Hey there, Nathan from Melbourne Osteopathic Clinic providing you with another blog around home ergonomics. Our priority is giving our patients the best experience even outside of the clinic, as a result we are providing you with some key points on how to set up your desk from home but also points you can take away for your workplace:
1. Table – The height of the table is a key factor in the overall set out of our desk, ideally, we want a desk that will allow our elbows to be at comfortably 90-degrees and our wrists flat on the keyboard. Be creative in this, you may be able to boost up a smaller kids table to a suitable level by using books or magazines.
2. Chairs – With an appropriately set up table it allows us to move our focus on to the chair height, this will allow us to position ourselves accordingly. From a home perspective we may be limited to adjusting the height of the chairs so we are after a height that allows our legs have a 90-degree bend (or as close as possible) in them with a view of having our feet flat on the ground. Appropriate back support is a benefit but we can also supplement our low back with a cushion or a slightly rolled up towel to allow us to encourage natural spine curves.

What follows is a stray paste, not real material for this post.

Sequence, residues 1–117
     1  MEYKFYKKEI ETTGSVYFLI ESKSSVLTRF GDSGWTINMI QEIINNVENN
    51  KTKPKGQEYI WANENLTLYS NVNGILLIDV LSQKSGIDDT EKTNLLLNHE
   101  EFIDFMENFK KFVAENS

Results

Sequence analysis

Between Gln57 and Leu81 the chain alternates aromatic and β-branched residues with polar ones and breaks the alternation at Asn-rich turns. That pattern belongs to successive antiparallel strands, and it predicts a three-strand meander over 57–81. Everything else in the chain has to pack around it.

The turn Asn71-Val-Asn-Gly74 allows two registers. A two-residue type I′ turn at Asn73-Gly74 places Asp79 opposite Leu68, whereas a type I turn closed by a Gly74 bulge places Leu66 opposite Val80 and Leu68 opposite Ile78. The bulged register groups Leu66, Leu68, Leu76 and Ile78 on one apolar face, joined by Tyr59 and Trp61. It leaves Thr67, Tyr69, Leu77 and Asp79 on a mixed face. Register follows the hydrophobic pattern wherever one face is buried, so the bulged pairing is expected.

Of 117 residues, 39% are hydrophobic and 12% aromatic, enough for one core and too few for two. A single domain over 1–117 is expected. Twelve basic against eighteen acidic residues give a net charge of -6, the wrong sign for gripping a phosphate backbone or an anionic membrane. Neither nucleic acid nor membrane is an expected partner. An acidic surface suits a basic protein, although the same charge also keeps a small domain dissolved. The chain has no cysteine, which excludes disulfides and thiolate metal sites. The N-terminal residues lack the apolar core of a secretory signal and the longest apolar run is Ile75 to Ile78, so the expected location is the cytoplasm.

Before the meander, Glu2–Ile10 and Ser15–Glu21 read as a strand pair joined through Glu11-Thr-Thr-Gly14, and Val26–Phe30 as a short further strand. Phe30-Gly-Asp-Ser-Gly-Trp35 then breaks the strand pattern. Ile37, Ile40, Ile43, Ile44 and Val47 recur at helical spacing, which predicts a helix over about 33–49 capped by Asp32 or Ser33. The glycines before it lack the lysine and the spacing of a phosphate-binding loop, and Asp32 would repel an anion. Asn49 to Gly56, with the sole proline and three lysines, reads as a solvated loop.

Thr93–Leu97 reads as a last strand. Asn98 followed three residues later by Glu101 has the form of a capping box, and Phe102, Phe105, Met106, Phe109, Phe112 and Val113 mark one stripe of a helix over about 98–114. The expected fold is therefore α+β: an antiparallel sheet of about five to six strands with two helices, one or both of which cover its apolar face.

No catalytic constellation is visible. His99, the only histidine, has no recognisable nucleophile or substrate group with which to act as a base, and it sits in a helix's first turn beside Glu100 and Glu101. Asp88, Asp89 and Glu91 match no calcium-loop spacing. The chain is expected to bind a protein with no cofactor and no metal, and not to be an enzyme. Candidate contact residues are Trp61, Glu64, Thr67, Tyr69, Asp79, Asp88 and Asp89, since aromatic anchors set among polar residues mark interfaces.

3. Keyboard – Ideally the keyboard shouldn’t be raised on the desk, the distance away from the body should allow us to have the hands and wrist resting on the table, without having the elbows resting on the desk as this would have us leaning too far forward. Nor should we have the wrists off the table as this pushes us further away from the screen.
4. Screens – Elevating our screen off the table will be a priority here (usually if using laptops), we don’t want to have the screen sitting too far below our eye level especially for an extended period of time. We recommend having the top of the screen slightly below eye level and the upper 1/3 of the screen. In term of distance from the eyes an arm’s length away is a good place to start as long as you can focus on the screen at this height. We should be able to boost screens with books, newspapers, cereal boxes etc..
5. Mouse – The size of the mouse needs to be factored based on hand size but most importantly we don’t want a mouse that is too big for your hands as this increases the unnecessary strain on the hand and forearm muscles. Similar to the keyboard the wrist resting on the table and ensuring our elbow is tucked, we don’t recommend having the mouse too far away from the body.
Please if you have any further questions about your desk set up please contact the clinic and we will get one of osteopaths from our team to make contact with you to discuss you questions or concerns.